Gregory G. H. Rihn's Journal|
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Friday, October 15th, 2004
|Skylight Opera, "Abduction From the Seraglio," Oct 10.
We figured that the day after the big party we wouldn't be good for anything except sitting and letting ourselves be entertained, so we had planned ahead by treating ourselves to tickets for the Skylight Opera's production of "The Abduction from the Seraglio," by Wolfgang Amadeus Mozart. As with all Skylight shows, the piece was sung in English, and this production was further updated into the 1940's with a distinct "Casablanca" feel. Belmonte, son of a wealty westerner, has come seeking his fiance, Constanza, whose ship was captured by pirates, and she and her servants sold into slavery. In the Skylight version, Pasha Selim, into whose hands they have fallen, is a white slaver and master of a criminal empire. Selim has fallen in love with Constanza and seeks to woo her into returning his ardor rather than forcing her. We thought that the stark concrete-looking sets and moody lighting aided the adaptation and the whole worked quite well. The English translation of the libretto was not terribly witty, but the comedy of this lightest of Mozart's operas was carried well by the comic acting and expressive singing of Robert Swan as Osmin, the Pasha's chief henchman, and the servant couple, Kurt Alakulppi as Pedrillo and Donna Smith as Blonda. The passionate side was well supported by Kathy Pyeatt as Constanza, Robert Gagnon as Belmonte, and Michael DiPadova as Selim in a very effective although non-singing role.
All in all the singing was as good as any we have heard at the Skylight. Pyeatt has a full, gorgeous voice and definitely lead the cast as Constanza. All of the singers were excellent, and we were especially impressed with Donna Smith, whose Blonda delivers a drubbing disguised as a vigorous Swedish massage to the letcherous Osmin without wavering in tone, pitch, or volume.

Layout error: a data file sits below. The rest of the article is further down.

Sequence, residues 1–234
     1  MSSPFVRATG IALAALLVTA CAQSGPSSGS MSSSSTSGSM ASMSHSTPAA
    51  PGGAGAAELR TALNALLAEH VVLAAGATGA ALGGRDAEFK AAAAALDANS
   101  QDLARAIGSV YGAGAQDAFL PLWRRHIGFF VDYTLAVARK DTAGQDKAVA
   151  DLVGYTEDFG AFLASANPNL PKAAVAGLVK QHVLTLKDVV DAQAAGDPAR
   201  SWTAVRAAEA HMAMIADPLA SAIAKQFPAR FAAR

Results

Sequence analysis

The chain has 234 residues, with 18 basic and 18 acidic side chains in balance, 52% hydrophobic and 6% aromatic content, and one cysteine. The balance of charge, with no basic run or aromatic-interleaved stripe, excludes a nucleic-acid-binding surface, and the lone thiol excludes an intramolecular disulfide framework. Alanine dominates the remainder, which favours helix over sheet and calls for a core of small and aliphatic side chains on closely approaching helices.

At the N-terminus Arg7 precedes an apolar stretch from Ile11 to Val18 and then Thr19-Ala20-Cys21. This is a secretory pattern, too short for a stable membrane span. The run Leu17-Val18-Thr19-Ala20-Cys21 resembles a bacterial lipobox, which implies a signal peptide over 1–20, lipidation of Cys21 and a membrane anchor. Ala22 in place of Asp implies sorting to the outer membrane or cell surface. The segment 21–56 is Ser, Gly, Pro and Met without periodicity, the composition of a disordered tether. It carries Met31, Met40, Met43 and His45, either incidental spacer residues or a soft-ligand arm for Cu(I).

Unlike some recent Skylight shows, the production had a very coherent feel, with lovely period costumes and props, complete to the antique cameras and voice recording instruments sported by the 'reporters' who are part of the chorus. Thanks to Director Jon Kretzu, costumes by Stacey Galloway, and set by Takeshi Kata. Conductor Pasquale Laurino lead the orchestra flawlessly.
|"Bright Young Things," Oct.13
Wednesday the 13th was the our last chance to catch Stephen Fry's movie, "Bright Young Things" before it left town, so we dashed out on impulse to see it, and were glad we had. Fry has shown himself to be a fine actor and a sucessful novellist, and now shows good strength as a screenwriter and director. The script is Fry's adaptation of Evelyn Waugh's novel "Vile Bodies". Never having read the original, I cannot testify as to the faithfulness of the adaptation, but I can say that the screenplay is tightly written, clever, and very witty both in word and in action. The minimal plot deals with the far-from-smooth course of the love between aspiring writer Adam Fenwick-Symes (Waugh's viewpoint character), played by Stephen Campbell Moore, and Nina Blount (Emily Mortimer, daughter of "Rumpole" author John Mortimer). They lead a cast of attractive but not unbelievably beautiful young people during the last burst of upper-class twitness and desperate hilarity just before the outbreak of World War II. The young folks are supported by some very able older actors, notably Jim Broadbent (who, playing a character known only as "The Drunken Major", plays more stages of inebriation, ranging from mildly lit to blotto, with more nuance than anyone I've ever seen), and Stockard Channing playing an American evangelist. Some writers question the inclusion of Dan Akroyd as "Lord Monomark," but that is appropriate since the character he is playing, based loosely on the historical Lord Beaverbrook, was Canadian, as is Akroyd.
The film is just full of delightful visual references and scenes, especially the sequence wherein Fenella Woolgar as Agatha comes down to breakfast with the Prime Minister's family still in her fancy dress from the night before's wild party, and another one in which she is pressed into service as an alternate race car driver, despite being high on champagne and cocaine. Her expression is as absolutely "Mr. Toad" as a human can achieve (excepting only Terry Jones, who IS Mr. Toad--).
The film winds to its bittersweet conclusion through an expectable series of tragedies that overtake the bright young things one by one--dead, mad, banished--which could have made a Shakespearian tragedy in other hands,(and indeed were the suff of real life tragedies of Waugh's times)were it not for Waugh's irony and Fry's wit. We enjoyed the movie immensely.
Curiously enough, at this film we saw a trailer for another new movie called "Head in the Clouds," which seems to have a very similar theme, but played straight and with very beautiful people (Charlize Theron, Penelope Cruz and Stewart Townsend) which does not seem half as interesting.